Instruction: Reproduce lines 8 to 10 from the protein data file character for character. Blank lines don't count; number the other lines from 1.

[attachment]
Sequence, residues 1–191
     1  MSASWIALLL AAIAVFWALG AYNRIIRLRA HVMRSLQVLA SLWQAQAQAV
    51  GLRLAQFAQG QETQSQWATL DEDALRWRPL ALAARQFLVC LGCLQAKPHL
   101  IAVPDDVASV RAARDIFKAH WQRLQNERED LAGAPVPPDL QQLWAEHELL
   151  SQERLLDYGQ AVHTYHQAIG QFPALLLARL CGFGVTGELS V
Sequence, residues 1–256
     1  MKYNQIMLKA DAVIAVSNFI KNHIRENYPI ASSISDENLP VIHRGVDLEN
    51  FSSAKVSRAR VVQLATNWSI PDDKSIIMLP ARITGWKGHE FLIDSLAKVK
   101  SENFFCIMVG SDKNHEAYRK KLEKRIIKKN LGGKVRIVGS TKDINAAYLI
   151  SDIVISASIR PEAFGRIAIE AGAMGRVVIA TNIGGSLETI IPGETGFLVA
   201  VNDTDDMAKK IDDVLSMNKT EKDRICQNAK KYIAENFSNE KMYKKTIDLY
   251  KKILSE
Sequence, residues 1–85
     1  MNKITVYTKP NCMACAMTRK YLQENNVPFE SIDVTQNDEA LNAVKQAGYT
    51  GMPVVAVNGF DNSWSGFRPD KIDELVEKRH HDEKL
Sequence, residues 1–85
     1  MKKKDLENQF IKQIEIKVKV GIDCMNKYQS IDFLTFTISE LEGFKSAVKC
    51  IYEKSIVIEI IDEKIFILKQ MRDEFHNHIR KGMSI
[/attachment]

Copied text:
    51  FSSAKVSRAR VVQLATNWSI PDDKSIIMLP ARITGWKGHE FLIDSLAKVK
   101  SENFFCIMVG SDKNHEAYRK KLEKRIIKKN LGGKVRIVGS TKDINAAYLI
   151  SDIVISASIR PEAFGRIAIE AGAMGRVVIA TNIGGSLETI IPGETGFLVA